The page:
This post was written by guest blogger Carsten Johnson, CSR Consultant, Cisco Corporate Affairs & Cisco Berlin Girls Power Tech Site Lead
On April 27, my Cisco Berlin colleagues and I had the pleasure of celebrating International #GirlsInICTDay as a part of Cisco’s Girls Power Tech (GPT) initiative.
International Girls in ICT Day aims to create a global environment that empowers and encourages young women to consider careers in the growing ICT field, enabling girls and technology companies to celebrate and explore the benefits of greater female participation in the ICT sector.
Cisco Berlin was one of several Cisco sites that hosted an event on Girls in ICT Day to help kick-off the Girls Power Tech program. I could not be more proud to be a site leader this year.
It’s one of the many reasons I love working for a company like Cisco, which allows us to take the time to step back and focus on programs where we can give back, teach and mentor others, and make an impact in our broader communities. We all have unique talents, and it’s important we share those with others, and help them uncover their own along the learning journey!
Our #GirlsInICT Day in Berlin was a very special and unique experience. We hosted a group of 22 girls—mainly middle school aged students—through Girls Power Tech. We were also thrilled to host three welcome classes (boys and girls) through collaboration with the Wolfgang-Borchert School; participants came from countries including Syria, Iraq, Serbia, Afghanistan and Romania and Turkey.
Our new partner in the Cisco Networking Academy for Refugees project, the REDI School for Digital Integration, provided two volunteers to cover the variety of languages spoken in the welcome classes. This amazing non-profit serves as a digital school for tech-interested newcomers applying for asylum in Germany; providing students with valuable digital skills to help create new opportunities.
Cisco Berlin’s work with the Wolfgang-Borchert-School has been an important partnership for the past 10 years and a cornerstone of Cisco’s NetAcad program. Through their welcome classes, children from refugee or migrant families spend the first 12 months assimilating to their new home in Germany and spend significant time learning the local language, as well as developing basic technical skills to help them succeed.
I was energized by the diverse range of Cisco Berlin employees who participated in Girls Power Tech and came ready to help make our #GirlsinICT Day a success. Our volunteers featured a panel of international interns and colleagues from several different regions leading several hands-on activities throughout the day and mentoring the students 1:1 in various activities.
We began our day by introducing the students to our global Girls Power Tech materials as well as a video conferencing exercise through Telepresence. We did some fun group reflection on the brand-new Girls Power Tech kick-off video, to enable the students to have the full global experience of being a part of an international Cisco community.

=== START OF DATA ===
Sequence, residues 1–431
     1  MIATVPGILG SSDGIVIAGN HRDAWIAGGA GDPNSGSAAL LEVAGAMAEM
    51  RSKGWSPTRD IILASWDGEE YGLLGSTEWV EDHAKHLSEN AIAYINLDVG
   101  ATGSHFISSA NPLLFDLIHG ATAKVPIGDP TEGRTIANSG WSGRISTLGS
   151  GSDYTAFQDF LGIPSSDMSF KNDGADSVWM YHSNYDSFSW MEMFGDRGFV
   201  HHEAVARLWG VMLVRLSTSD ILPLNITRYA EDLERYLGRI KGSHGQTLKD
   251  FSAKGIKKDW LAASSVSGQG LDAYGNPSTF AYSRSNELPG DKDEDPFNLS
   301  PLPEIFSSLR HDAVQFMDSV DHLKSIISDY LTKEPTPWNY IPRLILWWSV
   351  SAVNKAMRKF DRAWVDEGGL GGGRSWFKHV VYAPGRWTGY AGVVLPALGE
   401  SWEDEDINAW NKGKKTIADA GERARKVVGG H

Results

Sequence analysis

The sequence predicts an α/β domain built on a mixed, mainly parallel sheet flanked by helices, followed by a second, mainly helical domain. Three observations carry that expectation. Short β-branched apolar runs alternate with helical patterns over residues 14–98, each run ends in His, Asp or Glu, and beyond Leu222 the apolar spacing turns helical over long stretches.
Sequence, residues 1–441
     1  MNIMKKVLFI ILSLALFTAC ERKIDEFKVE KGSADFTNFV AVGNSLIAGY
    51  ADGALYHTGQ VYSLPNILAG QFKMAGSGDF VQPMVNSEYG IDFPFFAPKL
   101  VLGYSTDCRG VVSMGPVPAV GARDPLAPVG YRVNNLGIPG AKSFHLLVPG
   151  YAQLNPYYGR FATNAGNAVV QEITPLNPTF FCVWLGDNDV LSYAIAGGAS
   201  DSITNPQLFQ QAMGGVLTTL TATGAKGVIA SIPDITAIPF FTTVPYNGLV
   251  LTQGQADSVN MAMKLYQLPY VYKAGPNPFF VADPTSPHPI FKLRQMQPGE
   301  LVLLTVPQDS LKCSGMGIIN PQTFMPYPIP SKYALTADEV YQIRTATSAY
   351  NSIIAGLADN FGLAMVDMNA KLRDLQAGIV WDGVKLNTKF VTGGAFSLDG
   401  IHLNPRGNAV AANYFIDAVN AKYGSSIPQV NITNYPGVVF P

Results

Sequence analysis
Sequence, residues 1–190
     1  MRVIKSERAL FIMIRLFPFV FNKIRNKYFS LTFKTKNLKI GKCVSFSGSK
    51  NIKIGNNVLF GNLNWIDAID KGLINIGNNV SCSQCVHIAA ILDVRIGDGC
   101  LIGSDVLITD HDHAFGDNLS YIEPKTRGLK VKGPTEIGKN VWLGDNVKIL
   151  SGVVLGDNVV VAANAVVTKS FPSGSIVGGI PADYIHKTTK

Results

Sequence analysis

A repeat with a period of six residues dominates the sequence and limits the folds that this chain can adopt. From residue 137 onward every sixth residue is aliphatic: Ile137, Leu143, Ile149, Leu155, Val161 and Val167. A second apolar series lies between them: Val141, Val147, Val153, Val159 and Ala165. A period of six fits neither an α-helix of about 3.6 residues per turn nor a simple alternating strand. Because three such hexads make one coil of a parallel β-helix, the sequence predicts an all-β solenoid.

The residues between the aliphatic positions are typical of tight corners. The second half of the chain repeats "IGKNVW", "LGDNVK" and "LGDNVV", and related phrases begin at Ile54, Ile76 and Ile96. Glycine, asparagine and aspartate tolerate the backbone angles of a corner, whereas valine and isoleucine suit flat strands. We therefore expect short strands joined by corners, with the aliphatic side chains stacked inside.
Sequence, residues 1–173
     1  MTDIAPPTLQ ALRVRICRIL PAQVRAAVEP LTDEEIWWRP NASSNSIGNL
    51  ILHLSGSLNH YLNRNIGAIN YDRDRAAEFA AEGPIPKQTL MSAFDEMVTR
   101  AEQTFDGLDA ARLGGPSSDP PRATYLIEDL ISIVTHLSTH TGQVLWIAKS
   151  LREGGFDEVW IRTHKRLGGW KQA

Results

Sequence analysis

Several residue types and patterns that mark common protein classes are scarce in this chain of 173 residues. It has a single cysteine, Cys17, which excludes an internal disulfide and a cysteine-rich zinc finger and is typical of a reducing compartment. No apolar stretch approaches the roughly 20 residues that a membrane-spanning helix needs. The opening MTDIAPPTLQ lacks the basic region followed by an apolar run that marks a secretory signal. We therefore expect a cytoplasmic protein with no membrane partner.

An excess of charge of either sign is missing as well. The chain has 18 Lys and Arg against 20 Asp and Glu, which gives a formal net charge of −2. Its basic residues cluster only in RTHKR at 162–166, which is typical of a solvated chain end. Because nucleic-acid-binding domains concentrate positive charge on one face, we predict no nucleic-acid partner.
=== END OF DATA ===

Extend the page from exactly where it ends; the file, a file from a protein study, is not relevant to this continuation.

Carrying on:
Our multi-lingual volunteers translated materials in German, Farsi, Arabic, Kurdish, Romanian and English so that all students could learn and easily participate. We then kicked off tours through the Cisco Berlin office, where visitors witnessed the power of Cisco’s digital innovations first-hand. Groups split up into teams among their common languages with a simple goal: to learn as much as possible through their own eyes!
Part of the tour also included a visit to one of our on-site demo labs. Splitting the students up into four groups, each had the opportunity to interact and converse with a Cisco systems engineer and better understand the machines that bring the Internet of Things to life.
During our workshops, we took the students through two hands-on activities. The first was a short robotics class, where students built a robot with just two small sensors. The second taught participants the basics of coding by asking them to build a model car. Using a vehicle that ran in only one direction, the girls had to identify how to turn the direction of the car.
Our curriculum allowed us to create a unique experience for our students, where we used the traditional Girls Power Tech approach and introduced our students from the Wolfgang-Borchert-School to new types of learning activities.
As a site leader for Girls Power Tech Berlin, I was personally inspired to see how digitization and technology impact everyone; and the importance of continuing to make sure that digital skills are a priority for all people.
In today’s world, we need to keep investing in these programs and resources for girls and all people, as we seek to close the global IT skills gap. Throughout the day, the message was clear to me: diversity and inclusion is an important part of who we are at Cisco.
We’re taking it seriously. I am grateful for the experience of being a site lead, and I strongly encourage anyone who is not currently involved in Girls Power Tech to get started and make a difference in STEM education! Together, we can accomplish great things.
Girls Power Tech, a Cisco Mentoring Initiative, is being celebrated by nearly one hundred Cisco offices in over fifty countries now through the end of May. This program will introduce over 5,000 young ladies to the world of possibilities a career in technology can offer.
Click here to learn more about Girls Power Tech and Cisco’s commitment to STEM Education and be sure to follow all the excitement on social media by using the #GirlsPowerTech hashtag.